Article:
Denosumab is a type of medicine called a human monoclonal antibody. This is used for the breakdown of the bone. Denosumab is prescribed for the treatment of osteoporosis in women who have passed menopause and prostate cancer in men at high risk of breaking a bone.
Osteoporosis is a condition that affects men and women of all races. This can cause bones to become weak and brittle. Osteoporosis-related fractures most commonly occur in the wrist, spine, or hip. Bone is living tissue that is constantly being broken down and replaced. Osteoporosis happens when the creation of new bone doesn’t keep up with the loss of old bone. There typically are no symptoms in the early stages of bone loss. But once your bones have been weakened by osteoporosis, you might have signs and symptoms that include:
- A stooped posture
- Loss of height over time
- A bone that breaks much more easily than expected
- Back pain caused by a fractured or collapsed vertebra
Your bones are in a constant state of renewal. The new bone is made and old bone is broken down. When you’re young, your body makes new bone faster than it breaks down old bone, and your bone mass increases. After the early 20s, this process slows and most people reach their peak bone mass by age 30. As people age, bone mass is lost faster than it’s created.
Prostate cancer happens in the prostate which is a small walnut-shaped gland in men that creates the seminal fluid. Prostate cancer is one of the most common types of cancer in men. Usually, prostate cancer grows slowly and is initially confined to the prostate gland, where it may not cause serious harm. However, while some types of prostate cancer grow slowly and may need minimal or even no treatment, other types are aggressive and can spread quickly. More advanced prostate cancer may cause signs and symptoms such as:
- Trouble urinating
- Blood in semen
- Decreased force in the stream of urine
- Discomfort in the pelvic area
- Erectile dysfunction
- Bone pain
How does Denosumab work?
The bone is not a static structure. It is continually reformed and rebuilt by cells called osteoclasts and osteoblasts. These cells continuously deposit and remove calcium and phosphorous. It is stored in a protein network that makes up the structure of the bone. Old bone is broken down by the osteoclasts and new bone is formed by the osteoblasts.
In menopausal women, blood levels of the female hormone estrogen start to decrease. This results in an increase in the breakdown of bone by the osteoclasts, which can lead to a loss of bone density. Bone loss is particularly rapid for the first ten years after menopause and it may lead to the development of osteoporosis. Osteoporosis can also occur in men, particularly in men having treatment for prostate cancer. The treatments work by reducing the amount of testosterone in the blood, which has a similar effect on bone in men to reduced estrogen levels in women.
Denosumab works by recognizing and binding to a specific protein that normally activates the osteoclasts. By binding to this protein, Denosumab stops it from activating the osteoclasts. This prevents the development, activity, and survival of the osteoclasts and so stops them from breaking down bone. This helps to keep the bones strong and less likely to break. In postmenopausal women, this medicine has been shown to reduce the risk of spinal, non-spinal, and hip fractures. In men, this medicine has been shown to reduce the risk of spinal fractures.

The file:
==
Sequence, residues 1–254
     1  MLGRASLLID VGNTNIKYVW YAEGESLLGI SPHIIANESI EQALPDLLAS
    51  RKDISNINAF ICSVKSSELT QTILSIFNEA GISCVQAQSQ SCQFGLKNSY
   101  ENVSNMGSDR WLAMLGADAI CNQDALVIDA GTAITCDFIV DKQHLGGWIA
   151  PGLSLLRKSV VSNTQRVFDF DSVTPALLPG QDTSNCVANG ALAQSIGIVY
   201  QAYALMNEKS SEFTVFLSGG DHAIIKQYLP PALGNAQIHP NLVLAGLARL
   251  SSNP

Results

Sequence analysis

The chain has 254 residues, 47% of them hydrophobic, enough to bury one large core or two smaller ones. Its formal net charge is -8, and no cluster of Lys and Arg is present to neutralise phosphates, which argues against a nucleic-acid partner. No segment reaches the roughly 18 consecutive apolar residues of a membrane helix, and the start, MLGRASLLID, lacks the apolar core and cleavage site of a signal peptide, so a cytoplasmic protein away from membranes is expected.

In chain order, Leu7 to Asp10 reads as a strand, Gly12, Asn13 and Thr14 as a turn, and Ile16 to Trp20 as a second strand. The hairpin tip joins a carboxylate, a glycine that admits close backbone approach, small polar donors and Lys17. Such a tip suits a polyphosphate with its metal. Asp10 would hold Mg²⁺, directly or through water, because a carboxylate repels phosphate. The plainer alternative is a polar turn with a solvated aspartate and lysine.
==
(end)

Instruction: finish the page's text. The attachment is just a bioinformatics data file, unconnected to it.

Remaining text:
How to use it?
Your doctor will inject this medicine under your skin in the upper thigh, upper arm, or abdomen as directed. Usually, it is given every 6 months. This medication is used regularly for its better benefit. It is important to keep receiving this medicine even if you feel well. Most people with osteoporosis do not have symptoms. Remember to take this every 6 months. Continue to take other medications for your condition as directed by your doctor.
The dosage is based on your medical condition, age, and response to the treatment. If you missed a dose, contact your doctor right away for instructions. Inform your doctor at once if your condition does not improve or if it gets worse.
What are the side effects?
Common side effects:
- Back pain
- Joint pain
Call your doctor right away if you have the following side effects:
- Shortness of breath
- New or unusual hip, thigh, or groin pain
- Jaw pain
- Joint, bone, or muscle pain
Let your doctor know at once and call for medical help if you have signs of an allergic reaction:
- Difficulty breathing
- Hives or itching
- Swelling of your mouth, tongue, face, or throat
Warnings and Precautions
- This medicine may cause serious infections of the abdomen, skin, bladder, or ear. Tell your doctor instantly if you experience any of the following symptoms (chills, redness or swelling of the skin, fever, severe abdominal pain or pain passing urine)
- As this medicine slows bone breakdown, it prevents calcium from being reabsorbed from the bones into the blood. This can cause the amount of calcium in your blood to fall to a low level. Your doctor will usually ask you to take calcium and vitamin D to prevent this. Your doctor may also want you to have regular blood tests to monitor the level of calcium in your blood.
- This should be used with caution in smokers, people with poor oral hygiene, or any current or recent problems with their mouth or teeth, with cancer, or with anemia or blood clotting problems.
- People with infections and with severely decreased kidney function, this medicine should also be used with caution.
- This should not be used in people with a low level of calcium in their blood or with rare hereditary problems of fructose intolerance.
- This medicine is not recommended for children and adolescents under 18 years of age.
- Inform your doctor if you ever had an allergic reaction to this drug or if you have any allergies.